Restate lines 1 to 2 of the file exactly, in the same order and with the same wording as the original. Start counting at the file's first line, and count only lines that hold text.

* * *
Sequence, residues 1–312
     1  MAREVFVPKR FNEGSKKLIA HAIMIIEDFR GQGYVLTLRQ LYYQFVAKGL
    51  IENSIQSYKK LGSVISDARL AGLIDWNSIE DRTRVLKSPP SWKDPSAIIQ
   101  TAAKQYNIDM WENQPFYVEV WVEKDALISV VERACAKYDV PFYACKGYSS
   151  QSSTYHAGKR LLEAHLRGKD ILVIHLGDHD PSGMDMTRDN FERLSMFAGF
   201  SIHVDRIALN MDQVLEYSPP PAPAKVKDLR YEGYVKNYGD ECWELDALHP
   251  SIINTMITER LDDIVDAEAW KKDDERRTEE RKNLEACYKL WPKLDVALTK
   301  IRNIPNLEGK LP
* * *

Sequence, residues 1–312
     1  MAREVFVPKR FNEGSKKLIA HAIMIIEDFR GQGYVLTLRQ LYYQFVAKGL